Treasuring Christ Above All Else

Treasuring Christ Above All Else

by Heather Cofer | November 1, 2014

I absolutely love this time of the year, watching fall turn into winter. It is such a peaceful season. Even November (which one of my favorite fictional characters, Anne of Green Gables, named the ugliest month of the year) has something quite still and beautiful about it. And I have always enjoyed the holiday season with the white lights, candles, and pine wreaths. To me, these have been things that have brought joy and invoked gratitude to the Lord for creating beauty and giving us the ability to enjoy it. But in recent years, I have had to ask myself, “Would I enjoy this time of year just as much if I didn’t have all these beautiful decorations surrounding me? Are these things too important to me, or do they in any way distract me from my focus on Christ?”

During the Christmas season, shopping skyrockets. People are busy buying gifts and making lists of things they would like to have, whether on paper or in their minds. It is so very easy, especially in our western culture, to get caught up in the frenzy of materialism, whether it be finding the perfect gift, gracing our homes with the nicest decorations, or filling our closets with the cutest wardrobe. Now, don’t get me wrong—I love gift giving, tasteful décor, and classy clothes. But when that or anything else becomes the focus instead of Christ, it is ultimately of no eternal good.

Jesus says in Matthew 6:19-21:

Do not lay up for yourselves treasures on earth, where both moth and rust destroy and where thieves break in and steal, but lay up for yourselves treasures in heaven, where neither moth nor rust destroys and where thieves do not break in and steal. For where your treasure is, there your heart will be also.

What does it look like to lay up for yourselves treasures in heaven? It means seeking Christ and His kingdom first in everything. It means not being distracted by the shiny trinkets of this world. It means choosing to forgo some earthly pleasures in order to have an undivided heart for God. It will probably look a little different for each of us, but there will be a commonality between each person who chooses to treasure Christ above anything else.

Paul says in Philippians 3:8:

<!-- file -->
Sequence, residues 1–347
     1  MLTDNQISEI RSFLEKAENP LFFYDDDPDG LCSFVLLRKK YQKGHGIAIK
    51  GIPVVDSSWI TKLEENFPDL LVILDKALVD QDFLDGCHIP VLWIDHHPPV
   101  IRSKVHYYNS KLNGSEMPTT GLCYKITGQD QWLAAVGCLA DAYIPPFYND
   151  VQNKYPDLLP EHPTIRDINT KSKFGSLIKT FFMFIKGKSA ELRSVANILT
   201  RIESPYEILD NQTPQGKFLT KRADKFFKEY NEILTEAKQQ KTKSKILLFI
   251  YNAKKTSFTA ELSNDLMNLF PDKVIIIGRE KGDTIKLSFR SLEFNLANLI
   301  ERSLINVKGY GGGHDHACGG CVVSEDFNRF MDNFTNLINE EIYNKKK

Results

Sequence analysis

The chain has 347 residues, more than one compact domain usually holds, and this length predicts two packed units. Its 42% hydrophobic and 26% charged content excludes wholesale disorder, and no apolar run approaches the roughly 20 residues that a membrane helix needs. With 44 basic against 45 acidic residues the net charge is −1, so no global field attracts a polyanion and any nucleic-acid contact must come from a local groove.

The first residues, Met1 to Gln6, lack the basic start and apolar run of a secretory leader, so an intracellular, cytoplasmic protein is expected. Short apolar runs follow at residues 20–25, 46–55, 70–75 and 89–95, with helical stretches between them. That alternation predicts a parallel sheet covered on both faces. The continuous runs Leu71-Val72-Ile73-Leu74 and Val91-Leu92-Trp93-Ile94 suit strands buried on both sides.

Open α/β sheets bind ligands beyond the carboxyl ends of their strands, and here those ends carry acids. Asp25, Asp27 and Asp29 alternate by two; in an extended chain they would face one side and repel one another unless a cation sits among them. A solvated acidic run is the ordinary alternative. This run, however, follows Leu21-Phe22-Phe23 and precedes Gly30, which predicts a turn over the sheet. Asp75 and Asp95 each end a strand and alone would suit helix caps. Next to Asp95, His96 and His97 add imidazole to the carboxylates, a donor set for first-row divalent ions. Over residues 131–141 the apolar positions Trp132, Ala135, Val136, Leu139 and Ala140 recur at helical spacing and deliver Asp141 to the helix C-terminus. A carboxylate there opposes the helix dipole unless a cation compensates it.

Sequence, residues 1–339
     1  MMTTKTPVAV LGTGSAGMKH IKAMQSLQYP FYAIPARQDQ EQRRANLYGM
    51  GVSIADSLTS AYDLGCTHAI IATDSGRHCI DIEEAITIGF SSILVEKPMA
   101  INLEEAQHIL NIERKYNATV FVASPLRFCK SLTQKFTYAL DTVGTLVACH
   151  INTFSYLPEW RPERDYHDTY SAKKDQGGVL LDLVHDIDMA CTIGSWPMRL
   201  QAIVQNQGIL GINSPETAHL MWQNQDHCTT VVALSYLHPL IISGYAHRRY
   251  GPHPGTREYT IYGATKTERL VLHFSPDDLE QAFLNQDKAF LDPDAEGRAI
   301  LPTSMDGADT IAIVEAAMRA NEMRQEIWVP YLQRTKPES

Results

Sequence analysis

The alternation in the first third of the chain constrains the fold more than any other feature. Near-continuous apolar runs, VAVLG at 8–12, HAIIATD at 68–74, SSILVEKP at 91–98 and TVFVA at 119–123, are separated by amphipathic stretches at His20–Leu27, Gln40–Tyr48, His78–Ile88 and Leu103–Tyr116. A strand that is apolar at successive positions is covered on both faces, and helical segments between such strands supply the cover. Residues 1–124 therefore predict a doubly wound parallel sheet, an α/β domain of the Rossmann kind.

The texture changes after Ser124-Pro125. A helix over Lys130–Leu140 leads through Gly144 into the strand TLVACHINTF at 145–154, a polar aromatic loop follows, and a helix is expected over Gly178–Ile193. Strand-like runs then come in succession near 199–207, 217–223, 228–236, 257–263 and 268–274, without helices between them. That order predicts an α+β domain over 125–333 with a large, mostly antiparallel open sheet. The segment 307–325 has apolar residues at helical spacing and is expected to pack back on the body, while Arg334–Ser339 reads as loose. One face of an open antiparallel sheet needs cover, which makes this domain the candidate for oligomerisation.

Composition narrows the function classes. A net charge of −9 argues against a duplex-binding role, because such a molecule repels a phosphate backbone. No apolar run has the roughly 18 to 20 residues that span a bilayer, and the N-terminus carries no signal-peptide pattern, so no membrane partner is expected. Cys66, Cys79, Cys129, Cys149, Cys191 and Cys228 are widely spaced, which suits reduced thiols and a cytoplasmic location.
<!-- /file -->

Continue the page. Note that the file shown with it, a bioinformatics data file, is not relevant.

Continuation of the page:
Indeed, I count everything as loss because of the surpassing worth of knowing Christ Jesus my Lord. For His sake I have suffered the loss of all things and count them as rubbish, in order that I might gain Christ.

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It is all too easy to come to a place of grasping the things we possess with an iron grip. I have to periodically come before the Lord and allow Him to show me if there is anything I am holding onto in a way that keeps me from seeking Him fully. Sometimes it’s a little thing like a certain kind of treat I have a hard time going without (yes . . . I have had to take several coffee fasts for that purpose), or it could be something bigger like the desire for a nicer home or more children. Now, these things are not bad in and of themselves, but when they cause me to become discontent, frustrated with my current circumstances, and I am constantly thinking about them, it is evidence that my heart is not in the right place.

I recently had a conversation with someone (not a believer) about growing up overseas. Somehow it came to the place where I was sharing that my parents were willing to give up everything—possessions, family, comfort, health—out of love for God. I could tell she was quite taken aback by this and not really sure how to respond. Living in a way that puts Christ first will baffle those who do not know Him. But it is when this is openly demonstrated in the lives of believers that they will see the “surpassing worth of knowing Christ Jesus.” It is an absolute tragedy when people who claim to be Christian say, “I could never pick up my family and move somewhere like the African desert...” or “If God wants me to do that thing, He’ll have to drag me kicking and screaming.” What message is that sending? That Christ really isn’t worth it. But, HE IS! Anyone who has fully surrendered their lives to Christ, no matter what difficulties and trials they have faced or will face, will tell you that. No one who has lived a life fully sold out for Jesus will ever say they regret it.

Take the apostles and earliest disciples of Jesus. There are people who still will say that they took the body of Jesus and hid it, spreading lies about His resurrection. But think about it for a minute—who would be willing to live a life full of greater hardship, persecution, and brutal deaths to defend a lie that they had created? Only someone out of their mind would be willing to do that. People are driven by the desire for fame, wealth, comfort and ease, not the opposite. Only someone who truly believes that Jesus is the highest and greatest treasure would be willing to forsake everything in this life to love Him and serve Him at all costs. 

I love the hymn by Horatio Spafford, “It is Well.” The first verse says, 

When peace like a river
attendeth my way,
When sorrows like sea
billows roll,
Whatever my lot Thou hast
taught me to say,
“It is well, it is well with
my soul.”

 

He was able to write this after losing every one of his children because Christ was his highest treasure. And if we also choose to put Christ first and foremost, our lives will be marked by a supernatural joy, hope, and peace that cannot be taken away.